It doesn’t really matter what it is, what matters is the way we use our time doing something more valuable. THAT is what gets us closer to God. That is living. I cannot think of a better way to challenge the things that steal our joy, and to learn what rewards we will discover waiting on the other side. It is indeed the epitome of spiritual nourishing.
He withdrew about a stone’s throw beyond them, knelt down and prayed, “Father, if you are willing, take this cup from me; yet not my will, but yours be done.” An angel from heaven appeared to him and strengthened him. And being in anguish, he prayed more earnestly, and his sweat was like drops of blood falling to the ground. Luke 22:41-44 NIV
This is not only my favorite part of the Easter story, but quite possibly my favorite moment in the entire Bible. We know Jesus is God in human form, but this is his most human moment. I imagine the prayer/conversation going something like this (paraphrasing, of course): “So, God/father, I know I have to be crucified and all, but I was just wondering if there might be a way to get around that whole part of this? Its going to suck pretty badly, so I thought it couldn’t hurt to ask if there was any other way to do this? I mean, at the end of the day, its your will, not mine. Just wanted to check.”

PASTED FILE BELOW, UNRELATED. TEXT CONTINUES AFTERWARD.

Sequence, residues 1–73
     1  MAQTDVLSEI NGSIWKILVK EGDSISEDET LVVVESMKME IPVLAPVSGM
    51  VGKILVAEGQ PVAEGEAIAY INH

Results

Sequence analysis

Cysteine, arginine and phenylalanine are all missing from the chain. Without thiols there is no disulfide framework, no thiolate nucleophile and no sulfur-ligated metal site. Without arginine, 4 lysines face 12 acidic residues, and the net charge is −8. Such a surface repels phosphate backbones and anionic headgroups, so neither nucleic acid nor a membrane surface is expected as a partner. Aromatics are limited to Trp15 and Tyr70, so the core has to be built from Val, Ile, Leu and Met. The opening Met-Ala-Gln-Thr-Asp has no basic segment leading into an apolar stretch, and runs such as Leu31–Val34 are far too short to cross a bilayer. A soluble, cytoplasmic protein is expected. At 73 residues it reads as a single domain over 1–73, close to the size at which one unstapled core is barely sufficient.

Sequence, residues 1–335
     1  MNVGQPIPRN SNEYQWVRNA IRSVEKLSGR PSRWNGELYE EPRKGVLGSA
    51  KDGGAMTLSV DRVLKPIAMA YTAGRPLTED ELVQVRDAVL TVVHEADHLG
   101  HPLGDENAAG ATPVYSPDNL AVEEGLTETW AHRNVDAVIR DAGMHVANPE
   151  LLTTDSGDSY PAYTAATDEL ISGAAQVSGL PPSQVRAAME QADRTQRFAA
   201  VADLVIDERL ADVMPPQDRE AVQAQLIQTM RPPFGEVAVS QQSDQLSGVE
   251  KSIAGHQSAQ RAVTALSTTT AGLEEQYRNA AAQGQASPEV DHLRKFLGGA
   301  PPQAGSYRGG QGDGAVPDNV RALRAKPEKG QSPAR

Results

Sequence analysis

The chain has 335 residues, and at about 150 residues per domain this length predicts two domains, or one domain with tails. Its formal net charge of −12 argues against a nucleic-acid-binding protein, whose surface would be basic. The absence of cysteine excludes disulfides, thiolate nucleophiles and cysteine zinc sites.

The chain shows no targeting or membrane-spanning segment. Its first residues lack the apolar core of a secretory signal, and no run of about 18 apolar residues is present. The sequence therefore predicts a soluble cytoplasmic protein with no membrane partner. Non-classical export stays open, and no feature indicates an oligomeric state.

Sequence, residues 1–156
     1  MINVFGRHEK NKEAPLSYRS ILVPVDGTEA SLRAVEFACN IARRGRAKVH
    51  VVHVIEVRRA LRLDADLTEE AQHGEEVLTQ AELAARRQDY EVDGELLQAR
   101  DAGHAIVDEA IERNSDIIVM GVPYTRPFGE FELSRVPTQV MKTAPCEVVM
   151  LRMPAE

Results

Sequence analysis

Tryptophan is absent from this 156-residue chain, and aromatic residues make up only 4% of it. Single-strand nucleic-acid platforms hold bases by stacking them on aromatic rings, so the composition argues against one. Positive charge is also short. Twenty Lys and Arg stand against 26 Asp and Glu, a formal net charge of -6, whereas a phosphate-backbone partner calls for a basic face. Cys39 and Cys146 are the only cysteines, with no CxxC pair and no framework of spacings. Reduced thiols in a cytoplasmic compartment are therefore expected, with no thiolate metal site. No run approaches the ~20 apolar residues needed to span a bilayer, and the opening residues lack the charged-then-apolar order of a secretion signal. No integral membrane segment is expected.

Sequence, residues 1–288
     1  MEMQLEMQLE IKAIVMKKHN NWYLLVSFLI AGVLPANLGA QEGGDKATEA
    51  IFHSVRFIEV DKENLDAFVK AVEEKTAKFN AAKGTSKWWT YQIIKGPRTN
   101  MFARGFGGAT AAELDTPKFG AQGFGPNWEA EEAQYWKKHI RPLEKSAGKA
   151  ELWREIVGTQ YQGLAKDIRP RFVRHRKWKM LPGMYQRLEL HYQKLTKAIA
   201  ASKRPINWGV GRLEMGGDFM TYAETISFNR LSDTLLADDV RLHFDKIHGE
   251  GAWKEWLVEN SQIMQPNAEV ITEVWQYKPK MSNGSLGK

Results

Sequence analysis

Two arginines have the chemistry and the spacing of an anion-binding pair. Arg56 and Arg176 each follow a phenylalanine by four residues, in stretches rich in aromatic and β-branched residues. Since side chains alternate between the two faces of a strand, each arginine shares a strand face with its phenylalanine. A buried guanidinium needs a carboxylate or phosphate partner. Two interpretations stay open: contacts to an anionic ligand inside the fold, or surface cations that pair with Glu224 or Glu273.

Who of us would not feel like that with such a task at hand? Overwhelmed, scared, full of dread. And yet, who of us would have the strength to surrender to God’s will with such an impending fate? I love that God sent an angel to strengthen him. It shows the ability of God to strengthen us in times of desperate struggle. For us, the angels may be literal or figurative, referring to people that He sends. Either way, He strengthens us. He sends help. He listens to our anguish. Jesus knew the reason he came. He knew this event was unavoidable and would feel unbearable, and yet he asked God for a way out. And yet, he ultimately surrendered to God’s will. He knew his mission and the purpose, and knowing how it would feel, he ultimately agreed to it… For us.
He knew the purpose it would serve was too great.
How many times have I begged God for a way out?
How many times have I pleaded for another way?
And did he listen? Always.
And did he strengthen me to get me through? Absolutely.
And did my anguish end up serving some greater purpose, either for myself or others? Every. Single. Time.
Did my ultimate surrender to God’s will help me accept the task at hand? You bet.
God is faithful when our fears distract us. God is present in our struggle. He will give us the strength to get through and accomplish great things. He is there. He is there because He knows our anguish. He has felt it for himself. He knows our desperation and fear. He’s been there. Even when we feel like He has forsaken us, still, He remains at our side.